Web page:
Final Thoughts

Final thoughts

Written by Ethan Bernard

They say all’s fair in love and war. But that doesn’t seem to be the case in steel. Being deemed “unfair” could get you slapped with shiny new Section 232 tariffs these days. Then again, “unfair” implies a judge. And people on opposing sides seldom agree with the judgment. Such seems to be the current case between the US and Mexico.

Sen. Sherrod Brown (D-Ohio) said in a press release on March 15 that “unfair imports keep coming” from Mexico. Legislation was introduced to Congress last month, the “Stop Mexico’s Steel Surge Act.” Whoever decided to name this one decided to get right to the point.

In an SMU Community Chat in March, Barry Zekelman, executive chairman and CEO of Zekelman Industries, weighed in on the issue.

“Adhere to the deal you signed onto, and we’ll be fine,” he said at the time, regarding the USMCA pact, which removed the tariffs on Mexico in 2019.

“But until then, I’m going to fight like a honey badger,” he added.

Unsurprisingly, the Mexican steel industry and trade associations see things differently.

Steel trade group Canacero disputed the characterization of a “surge” back in December.

I was recently at an event in Houston, and a lot of the conversation there centered around whether that introduced legislation would lead to action, or if it was election-year bluster.

Some seem to think tariffs could be imminent, while others think a resolution will be reached and the status quo will prevail.

Actually, there are quite a few topics of importance to the steel industry that are still up in the air.

Another is AHMSA. On Friday, SMU’s Laura Miller reported on an update given by the Mexican steelmaker on its timeline for a restart. (It’s been shuttered since December 2022). We’ve heard it before. Those in the market waiting for a definite, set-in-stone timeline will have to wait a little bit longer.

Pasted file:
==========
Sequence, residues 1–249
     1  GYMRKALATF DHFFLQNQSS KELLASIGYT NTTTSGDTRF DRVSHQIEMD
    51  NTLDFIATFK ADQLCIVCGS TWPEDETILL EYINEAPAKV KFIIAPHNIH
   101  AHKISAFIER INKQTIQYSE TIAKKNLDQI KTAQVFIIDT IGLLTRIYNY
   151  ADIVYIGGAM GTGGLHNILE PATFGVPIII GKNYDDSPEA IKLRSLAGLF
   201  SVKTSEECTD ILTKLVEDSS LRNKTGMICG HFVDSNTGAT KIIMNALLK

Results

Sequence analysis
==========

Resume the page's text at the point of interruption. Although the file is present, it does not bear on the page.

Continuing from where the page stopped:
What about Evraz North America? Crickets seem to be the order of the day on the sale of the steelmaker’s assets in the US and Canada. (Evraz NA has been for sale since August 2022.)

Finally, the sale of U.S. Steel to Nippon. We’ve seen it swing from a foregone conclusion that only needed to be rubber-stamped, to many doubting it will be approved at all. And that’s all in the space of four months.

For the US-Mexico situation, if something concrete does materialize soon, will Mexico retaliate, as they have warned? What will it mean for the nearshoring trend in which North America is viewed as a single “neighborhood”?

More broadly, could this lead to a cascade effect with nations rolling up the drawbridge to imports? Whatever happens, the domestic steel industry has proved pretty nimble in reacting to pandemics, wars, and shifting domestic politics. We’ll see if this year might just put those skills to the test.

Ethan Bernard

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Final thoughts

What's the tea in the steel industry this week? Here's the latest SMU gossip column! Just kidding... kind of. Yes, some of the comments we receive in our weekly flat-rolled market steel buyers' survey are honestly too much to put into print. Some make us laugh. Some make us cringe. Some are cryptic. Most are serious. We appreciate them all. Below are some highlights from our survey results this week. Some of the comments that we can share with you are also included, in italics, in the buyers' own words, with minimal editing on our part.